Pyometra in Cats

If your female cat has not yet been spayed, risks for developing mammary tumors and pyometra are looming on the horizon. What is pyometra? It is a fatal infection that can be prevented. Once your cat has been spayed, the chances of developing pyometra are eliminated.

Pyometra in Cats

What is Pyometra in Cats?

Pyometra is a bacterial infection that occurs in the uterus. When an intact female cat goes through multiple heat cycles that do not end in pregnancy, the uterus undergoes changes and becomes a haven in which bacteria thrive. As white blood cells stream to the uterus to fight the bacteria, the uterus becomes filled with pus. The toxins from this material are then dispersed into the bloodstream, resulting in kidney failure, and the cat will die from pyometra if prompt treatment is not sought. Pyometra can occur at any age, but the risk increases as cats approach the age of five years and older.

What Are the Signs of Pyometra in Cats?

Signs of pyometra are noticed within two to eights weeks following the cat’s last heat cycle. Cat pyometra can present in one of two different ways. In the open presentation, the cat’s cervix is relaxed and open, enabling the pus to drain out of the cat’s uterus through the vaginal opening. Owners may notice discharge on the floor where the cat has been sitting, on the cat’s bedding or on the skin and hair underneath the cat’s tail. A fever may or may not accompany an open pyometra , and additional symptoms include lethargy and loss of appetite.

In a closed cat pyometra, the uterine wall is so thickened and enlarged that the cervix is closed off, and the infectious material remains trapped in the cat’s uterus. The cat’s abdomen may appear distended as the amount of pus accumulates, increasing the risk of a ruptured uterus. As the toxins enter the bloodstream, owners will notice signs of illness in their cat, including fever, lethargy, vomiting and loss of appetite. As the kidney function begins to diminish, signs of kidney failure set in, which include a noticeable increase in the cat’s water intake and urinary output. If the uterus ruptures, the infectious material within the uterus spills into the body cavity, and the cat will die of sepsis.

How is a Pyometra Cat Treated?

Pyometra is a life-threatening emergency that must be treated without delay to save the cat’s life and to minimize the extent of kidney damage that is incurred. Surgical intervention is the most effective method to save a pyometra cat. The surgical procedure is an ovariohysterectomy, more commonly known as a spay procedure. The difference between a routine spay and spaying a cat that has been diagnosed with pyometra is that the latter is a more intricate procedure to perform. A larger incision must be made in order to accommodate the enlarged uterus, and meticulous care must be taken to extract the engorged uterus in tact to prevent its infectious contents from leaking into the body cavity. Intravenous fluid therapy is required to flush the toxins from the bloodstream, and antibiotic therapy must be administered throughout the cat’s recovery period following the surgical procedure.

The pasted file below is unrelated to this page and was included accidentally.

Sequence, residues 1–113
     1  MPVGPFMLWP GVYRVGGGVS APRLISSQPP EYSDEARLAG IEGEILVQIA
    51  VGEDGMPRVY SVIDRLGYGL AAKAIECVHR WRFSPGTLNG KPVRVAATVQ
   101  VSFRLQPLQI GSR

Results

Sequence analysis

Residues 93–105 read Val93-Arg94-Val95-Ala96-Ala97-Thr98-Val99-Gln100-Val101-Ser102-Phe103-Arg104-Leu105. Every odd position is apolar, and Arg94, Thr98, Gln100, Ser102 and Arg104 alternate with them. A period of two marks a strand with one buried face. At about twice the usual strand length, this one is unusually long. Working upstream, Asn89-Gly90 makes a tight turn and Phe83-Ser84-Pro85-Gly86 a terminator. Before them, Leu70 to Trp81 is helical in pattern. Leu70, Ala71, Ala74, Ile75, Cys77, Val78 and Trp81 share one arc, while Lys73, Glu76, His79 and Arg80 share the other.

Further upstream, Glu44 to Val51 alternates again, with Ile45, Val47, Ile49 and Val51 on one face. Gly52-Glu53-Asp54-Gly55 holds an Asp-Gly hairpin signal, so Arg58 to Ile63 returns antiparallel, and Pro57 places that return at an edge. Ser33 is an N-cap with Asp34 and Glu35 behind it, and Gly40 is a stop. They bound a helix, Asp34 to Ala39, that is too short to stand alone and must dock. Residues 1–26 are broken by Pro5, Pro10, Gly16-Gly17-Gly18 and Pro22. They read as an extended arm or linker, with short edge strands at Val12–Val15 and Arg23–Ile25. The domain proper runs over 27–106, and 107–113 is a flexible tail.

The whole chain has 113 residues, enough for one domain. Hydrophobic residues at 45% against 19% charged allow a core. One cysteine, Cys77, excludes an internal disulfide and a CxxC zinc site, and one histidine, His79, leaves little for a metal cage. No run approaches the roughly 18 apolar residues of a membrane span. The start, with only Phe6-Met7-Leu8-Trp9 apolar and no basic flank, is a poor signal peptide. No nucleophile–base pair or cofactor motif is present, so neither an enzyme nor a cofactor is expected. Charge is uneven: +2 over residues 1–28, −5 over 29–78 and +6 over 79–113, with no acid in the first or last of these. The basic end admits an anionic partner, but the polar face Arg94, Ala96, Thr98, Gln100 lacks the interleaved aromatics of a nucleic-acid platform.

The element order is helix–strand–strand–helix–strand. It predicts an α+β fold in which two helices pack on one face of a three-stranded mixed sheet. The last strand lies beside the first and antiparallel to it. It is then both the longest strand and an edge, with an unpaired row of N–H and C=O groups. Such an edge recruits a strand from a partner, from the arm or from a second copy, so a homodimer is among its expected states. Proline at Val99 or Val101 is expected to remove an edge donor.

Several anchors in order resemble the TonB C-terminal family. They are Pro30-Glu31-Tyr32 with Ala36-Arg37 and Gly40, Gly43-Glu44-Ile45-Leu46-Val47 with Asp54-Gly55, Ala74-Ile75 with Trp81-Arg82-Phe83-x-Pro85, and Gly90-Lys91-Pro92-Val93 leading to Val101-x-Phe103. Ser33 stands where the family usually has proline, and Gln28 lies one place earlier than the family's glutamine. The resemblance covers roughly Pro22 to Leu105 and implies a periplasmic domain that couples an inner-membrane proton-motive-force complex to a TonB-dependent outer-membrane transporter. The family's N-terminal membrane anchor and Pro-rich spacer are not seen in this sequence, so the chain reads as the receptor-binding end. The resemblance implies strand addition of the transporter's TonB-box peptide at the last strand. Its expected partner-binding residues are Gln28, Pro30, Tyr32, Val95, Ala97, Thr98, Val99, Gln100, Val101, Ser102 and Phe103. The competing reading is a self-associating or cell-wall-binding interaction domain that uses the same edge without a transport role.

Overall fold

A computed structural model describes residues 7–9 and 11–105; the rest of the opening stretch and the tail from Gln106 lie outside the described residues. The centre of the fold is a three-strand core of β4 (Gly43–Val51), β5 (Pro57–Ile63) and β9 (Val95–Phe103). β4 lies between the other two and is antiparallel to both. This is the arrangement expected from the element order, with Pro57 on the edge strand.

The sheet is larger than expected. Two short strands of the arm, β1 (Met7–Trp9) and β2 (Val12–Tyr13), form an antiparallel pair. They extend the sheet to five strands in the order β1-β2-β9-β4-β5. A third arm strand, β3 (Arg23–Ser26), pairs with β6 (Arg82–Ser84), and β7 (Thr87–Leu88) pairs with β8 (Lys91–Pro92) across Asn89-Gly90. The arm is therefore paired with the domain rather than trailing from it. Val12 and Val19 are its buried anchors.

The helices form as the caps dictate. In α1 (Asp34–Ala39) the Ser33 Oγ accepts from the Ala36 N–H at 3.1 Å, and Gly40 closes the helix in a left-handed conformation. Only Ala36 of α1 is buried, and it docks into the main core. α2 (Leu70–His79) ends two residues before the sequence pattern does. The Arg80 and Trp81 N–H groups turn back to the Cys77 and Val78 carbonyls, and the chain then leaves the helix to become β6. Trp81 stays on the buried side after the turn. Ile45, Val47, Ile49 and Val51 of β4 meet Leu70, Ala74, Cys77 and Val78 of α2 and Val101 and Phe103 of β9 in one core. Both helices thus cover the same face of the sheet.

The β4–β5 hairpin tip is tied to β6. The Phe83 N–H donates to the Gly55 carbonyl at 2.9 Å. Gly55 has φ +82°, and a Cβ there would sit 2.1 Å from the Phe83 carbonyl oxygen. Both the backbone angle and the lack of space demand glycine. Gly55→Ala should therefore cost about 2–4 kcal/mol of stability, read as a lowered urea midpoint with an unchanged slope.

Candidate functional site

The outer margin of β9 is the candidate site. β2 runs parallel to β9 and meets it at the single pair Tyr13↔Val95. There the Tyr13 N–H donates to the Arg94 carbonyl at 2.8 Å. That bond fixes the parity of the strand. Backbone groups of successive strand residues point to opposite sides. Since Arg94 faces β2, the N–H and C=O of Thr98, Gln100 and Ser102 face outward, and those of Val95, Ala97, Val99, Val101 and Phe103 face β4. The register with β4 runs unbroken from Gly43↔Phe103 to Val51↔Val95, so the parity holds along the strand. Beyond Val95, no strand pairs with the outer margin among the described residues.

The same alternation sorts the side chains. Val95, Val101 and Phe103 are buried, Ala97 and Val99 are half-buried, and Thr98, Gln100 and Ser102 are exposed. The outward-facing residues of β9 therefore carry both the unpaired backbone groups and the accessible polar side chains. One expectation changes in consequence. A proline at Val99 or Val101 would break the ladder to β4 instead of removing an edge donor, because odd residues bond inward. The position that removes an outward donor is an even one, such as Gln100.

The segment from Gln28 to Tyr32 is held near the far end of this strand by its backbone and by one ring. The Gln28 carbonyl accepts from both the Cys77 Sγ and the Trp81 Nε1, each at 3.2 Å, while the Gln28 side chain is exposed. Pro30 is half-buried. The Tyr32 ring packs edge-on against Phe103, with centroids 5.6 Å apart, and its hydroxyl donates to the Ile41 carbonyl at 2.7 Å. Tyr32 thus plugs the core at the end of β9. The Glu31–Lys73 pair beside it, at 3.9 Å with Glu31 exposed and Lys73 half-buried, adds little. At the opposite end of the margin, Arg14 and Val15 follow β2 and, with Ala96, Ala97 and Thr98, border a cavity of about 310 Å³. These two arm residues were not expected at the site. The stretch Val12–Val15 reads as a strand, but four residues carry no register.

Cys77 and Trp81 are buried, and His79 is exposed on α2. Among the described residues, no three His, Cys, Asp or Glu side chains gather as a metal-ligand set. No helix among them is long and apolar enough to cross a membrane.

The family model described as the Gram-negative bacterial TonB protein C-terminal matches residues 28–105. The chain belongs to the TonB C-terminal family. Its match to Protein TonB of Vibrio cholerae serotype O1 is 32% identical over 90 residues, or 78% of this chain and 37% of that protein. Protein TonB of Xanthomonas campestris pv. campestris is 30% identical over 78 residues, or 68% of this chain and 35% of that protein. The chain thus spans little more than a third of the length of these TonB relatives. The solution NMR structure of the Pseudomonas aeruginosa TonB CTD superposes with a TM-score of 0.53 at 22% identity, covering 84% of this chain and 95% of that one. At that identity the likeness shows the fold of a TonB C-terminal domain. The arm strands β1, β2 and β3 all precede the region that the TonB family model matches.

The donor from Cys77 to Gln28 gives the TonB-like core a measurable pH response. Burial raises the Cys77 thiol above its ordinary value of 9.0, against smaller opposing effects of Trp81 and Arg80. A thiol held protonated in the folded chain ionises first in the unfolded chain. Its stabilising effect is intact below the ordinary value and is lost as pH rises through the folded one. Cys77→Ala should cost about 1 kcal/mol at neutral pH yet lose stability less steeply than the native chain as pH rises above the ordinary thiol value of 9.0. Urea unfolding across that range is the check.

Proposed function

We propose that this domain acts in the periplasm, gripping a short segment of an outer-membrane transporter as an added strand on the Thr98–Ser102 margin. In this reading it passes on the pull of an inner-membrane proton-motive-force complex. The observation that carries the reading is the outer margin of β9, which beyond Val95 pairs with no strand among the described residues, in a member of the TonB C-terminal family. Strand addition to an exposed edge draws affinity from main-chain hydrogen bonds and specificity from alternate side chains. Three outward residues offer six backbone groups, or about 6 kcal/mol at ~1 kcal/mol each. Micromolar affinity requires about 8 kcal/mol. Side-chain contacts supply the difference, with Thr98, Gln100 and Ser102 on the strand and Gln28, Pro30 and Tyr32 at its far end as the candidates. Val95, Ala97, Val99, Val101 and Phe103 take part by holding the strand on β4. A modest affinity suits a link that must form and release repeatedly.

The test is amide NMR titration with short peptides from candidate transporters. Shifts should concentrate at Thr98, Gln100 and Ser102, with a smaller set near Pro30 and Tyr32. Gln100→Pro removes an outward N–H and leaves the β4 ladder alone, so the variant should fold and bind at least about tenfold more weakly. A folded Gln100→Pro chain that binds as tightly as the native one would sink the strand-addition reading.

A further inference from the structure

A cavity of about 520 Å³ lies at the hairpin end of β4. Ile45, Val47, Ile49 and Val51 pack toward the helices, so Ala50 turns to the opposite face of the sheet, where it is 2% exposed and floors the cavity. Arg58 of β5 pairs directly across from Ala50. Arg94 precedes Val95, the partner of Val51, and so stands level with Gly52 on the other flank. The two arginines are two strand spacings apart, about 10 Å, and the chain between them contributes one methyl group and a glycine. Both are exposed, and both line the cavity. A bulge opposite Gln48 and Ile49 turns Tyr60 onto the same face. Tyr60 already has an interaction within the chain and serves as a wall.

If the diagnosed cat is a breeding cat, a course of treatment with hormonal drugs can be attempted in lieu of surgery. These drugs help to relax and open the cervix so that the pus can drain from the body. These treatments carry risks and side effects, they are not always successful, and cats that are treated for pyometra once are very likely to have repeat episodes in future. Cats that receive this treatment are also less likely to become successfully impregnated thereafter.

Prevention is the Best Option

If there is one silver lining to pyometra in cats, it is the simple fact that it is entirely preventable. Once your cat is spayed, heat cycles will cease, there will no longer be a uterus in your cat to become infected, and the risk of developing pyometra is eliminated once and for all. Having your cat spayed while it is young and healthy will also reap the added benefit of reducing the chances of mammary tumors. These benefits enable your feline friend to enjoy a longer and healthier lifespan.

Learn about Pyometra in Dogs.

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